GM was named as one of the major automakers that most heavily relies on vehicles that are on the way to dealer lots, listing in-transit vehicles in available inventory to help meet consumer demand.
According to a recent report from Cloud Theory, a supply and demand-related automotive insights group, all four of GM’s U.S. brands (Buick, Cadillac, Chevrolet, GMC) were included in the top 10 makes with regard to in-transit inventory mix, with Chevy ranked third at 40.1 percent, GMC ranked sixth at 35.5 percent, Buick ranked seventh at 34.9 percent, and Cadillac ranked eighth at 34.1 percent. The top of the list was occupied by Subaru at 57.1 percent, followed by Audi in second place with 50.2 percent.
The Cloud Theory analysis looked at in-transit vehicles versus in-stock inventory data, finding that new vehicle inventory levels available on dealer websites increased by 61 percent between July of 2022 and January of 2023, with 68 percent of the increase attributed to in-transit vehicles. Additionally, over a quarter of all new vehicles listed on dealer websites were in-transit.
The in-transit inventory also affects sales, with 40 percent of vehicles listed as in-transit in January of 2023 already sold. Vehicles that were classified as in-transit accounted for nearly 17 percent of new vehicle sales.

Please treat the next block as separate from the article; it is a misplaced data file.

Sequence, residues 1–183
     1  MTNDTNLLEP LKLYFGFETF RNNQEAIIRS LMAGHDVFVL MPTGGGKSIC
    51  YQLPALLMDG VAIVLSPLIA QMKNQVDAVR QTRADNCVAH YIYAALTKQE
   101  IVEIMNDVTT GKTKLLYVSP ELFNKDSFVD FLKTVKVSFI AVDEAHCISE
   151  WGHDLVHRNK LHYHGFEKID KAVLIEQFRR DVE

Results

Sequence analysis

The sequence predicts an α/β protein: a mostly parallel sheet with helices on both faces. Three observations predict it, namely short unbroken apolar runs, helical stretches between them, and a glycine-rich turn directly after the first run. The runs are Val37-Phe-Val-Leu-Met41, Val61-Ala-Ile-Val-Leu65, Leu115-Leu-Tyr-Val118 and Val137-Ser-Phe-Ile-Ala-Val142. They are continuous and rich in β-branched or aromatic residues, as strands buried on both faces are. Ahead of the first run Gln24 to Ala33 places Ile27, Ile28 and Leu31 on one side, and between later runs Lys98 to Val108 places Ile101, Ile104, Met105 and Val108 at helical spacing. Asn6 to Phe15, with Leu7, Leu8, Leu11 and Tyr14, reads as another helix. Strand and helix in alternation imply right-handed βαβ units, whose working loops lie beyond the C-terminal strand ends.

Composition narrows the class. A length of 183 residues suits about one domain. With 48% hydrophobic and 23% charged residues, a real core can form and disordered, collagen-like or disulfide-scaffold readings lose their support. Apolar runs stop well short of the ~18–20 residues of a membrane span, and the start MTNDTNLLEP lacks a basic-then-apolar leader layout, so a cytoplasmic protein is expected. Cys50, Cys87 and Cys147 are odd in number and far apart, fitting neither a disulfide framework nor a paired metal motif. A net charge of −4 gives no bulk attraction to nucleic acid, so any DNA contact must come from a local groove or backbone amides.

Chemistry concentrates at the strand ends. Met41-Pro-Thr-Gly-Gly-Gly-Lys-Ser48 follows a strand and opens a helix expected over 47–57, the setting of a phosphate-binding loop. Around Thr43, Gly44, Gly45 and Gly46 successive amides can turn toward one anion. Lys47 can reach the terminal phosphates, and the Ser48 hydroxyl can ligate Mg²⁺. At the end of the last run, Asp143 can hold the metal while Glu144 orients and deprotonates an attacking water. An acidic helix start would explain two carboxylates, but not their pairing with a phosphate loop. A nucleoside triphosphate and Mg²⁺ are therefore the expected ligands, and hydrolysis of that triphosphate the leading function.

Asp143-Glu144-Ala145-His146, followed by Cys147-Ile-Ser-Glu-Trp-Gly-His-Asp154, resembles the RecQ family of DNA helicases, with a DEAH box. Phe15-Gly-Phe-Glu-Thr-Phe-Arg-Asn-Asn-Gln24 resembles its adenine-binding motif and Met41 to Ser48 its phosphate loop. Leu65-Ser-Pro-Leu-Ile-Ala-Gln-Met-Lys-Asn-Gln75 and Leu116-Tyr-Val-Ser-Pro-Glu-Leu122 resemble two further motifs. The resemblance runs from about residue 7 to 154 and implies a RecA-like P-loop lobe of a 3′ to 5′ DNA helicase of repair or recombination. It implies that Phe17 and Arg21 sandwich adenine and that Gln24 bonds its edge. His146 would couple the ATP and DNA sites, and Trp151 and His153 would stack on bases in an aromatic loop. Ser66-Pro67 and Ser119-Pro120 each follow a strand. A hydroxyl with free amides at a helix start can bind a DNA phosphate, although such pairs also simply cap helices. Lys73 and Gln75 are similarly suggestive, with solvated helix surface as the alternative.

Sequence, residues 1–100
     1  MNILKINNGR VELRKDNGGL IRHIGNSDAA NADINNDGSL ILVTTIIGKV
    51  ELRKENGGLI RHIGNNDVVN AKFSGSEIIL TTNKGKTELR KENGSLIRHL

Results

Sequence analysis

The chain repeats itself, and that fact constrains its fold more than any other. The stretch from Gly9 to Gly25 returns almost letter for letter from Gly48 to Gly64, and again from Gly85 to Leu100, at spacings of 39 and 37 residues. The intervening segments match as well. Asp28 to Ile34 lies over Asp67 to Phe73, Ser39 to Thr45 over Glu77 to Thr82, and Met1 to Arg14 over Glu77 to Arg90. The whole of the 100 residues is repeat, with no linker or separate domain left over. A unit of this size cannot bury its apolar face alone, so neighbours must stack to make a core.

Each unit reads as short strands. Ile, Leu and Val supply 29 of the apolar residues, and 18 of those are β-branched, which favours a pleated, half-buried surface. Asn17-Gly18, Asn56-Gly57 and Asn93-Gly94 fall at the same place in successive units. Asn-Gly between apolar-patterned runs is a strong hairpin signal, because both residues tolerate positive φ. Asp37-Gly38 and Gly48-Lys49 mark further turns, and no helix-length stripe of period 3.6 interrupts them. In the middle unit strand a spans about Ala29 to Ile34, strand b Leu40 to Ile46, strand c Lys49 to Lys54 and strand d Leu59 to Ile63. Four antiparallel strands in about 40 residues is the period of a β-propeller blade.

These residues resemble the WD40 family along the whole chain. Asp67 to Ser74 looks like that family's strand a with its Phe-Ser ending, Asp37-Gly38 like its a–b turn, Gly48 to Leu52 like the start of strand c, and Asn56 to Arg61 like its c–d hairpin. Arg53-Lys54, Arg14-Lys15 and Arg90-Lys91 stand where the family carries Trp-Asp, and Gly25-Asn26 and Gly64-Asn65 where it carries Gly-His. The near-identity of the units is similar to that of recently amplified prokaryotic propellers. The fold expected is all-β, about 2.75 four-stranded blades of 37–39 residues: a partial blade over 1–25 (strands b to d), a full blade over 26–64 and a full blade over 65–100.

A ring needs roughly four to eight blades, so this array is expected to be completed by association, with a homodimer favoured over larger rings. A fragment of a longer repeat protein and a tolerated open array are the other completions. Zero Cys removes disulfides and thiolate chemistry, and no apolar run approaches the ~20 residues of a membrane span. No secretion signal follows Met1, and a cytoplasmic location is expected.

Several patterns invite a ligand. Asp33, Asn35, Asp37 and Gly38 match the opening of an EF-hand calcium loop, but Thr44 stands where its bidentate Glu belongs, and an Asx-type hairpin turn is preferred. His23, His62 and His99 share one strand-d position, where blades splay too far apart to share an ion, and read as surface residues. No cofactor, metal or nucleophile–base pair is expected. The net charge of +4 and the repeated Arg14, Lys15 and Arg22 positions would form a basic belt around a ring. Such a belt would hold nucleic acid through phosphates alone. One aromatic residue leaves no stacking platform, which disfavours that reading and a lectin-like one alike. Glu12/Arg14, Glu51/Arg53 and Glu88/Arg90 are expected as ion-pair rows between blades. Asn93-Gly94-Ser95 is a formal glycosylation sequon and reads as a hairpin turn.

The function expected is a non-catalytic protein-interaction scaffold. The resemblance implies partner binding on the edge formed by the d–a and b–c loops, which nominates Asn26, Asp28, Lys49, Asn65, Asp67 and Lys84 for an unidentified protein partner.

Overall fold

“This in-transit dynamic will continue to be an important tool for dealers and OEMs to balance the two sides of that equation for the next 12 – 18 months,” said Vice President, Data Science and Analytics at Cloud Theory, Rick Wainschel.
Following widespread production stoppages and supply chain issues stemming from the COVID-19 pandemic, new vehicle inventory reached its lowest point in October of the 2021 calendar year at roughly 850,000 units, per Cloud Theory. New vehicle inventory remained low, hovering around 1,000,000 units until July of the 2022 calendar year. In response to this “pent-up demand,” dealers began to aggressively list vehicles as “in transit,” signaling to consumers that new vehicles were one the way. The use of “in-transit” inventory listing has since stabilized.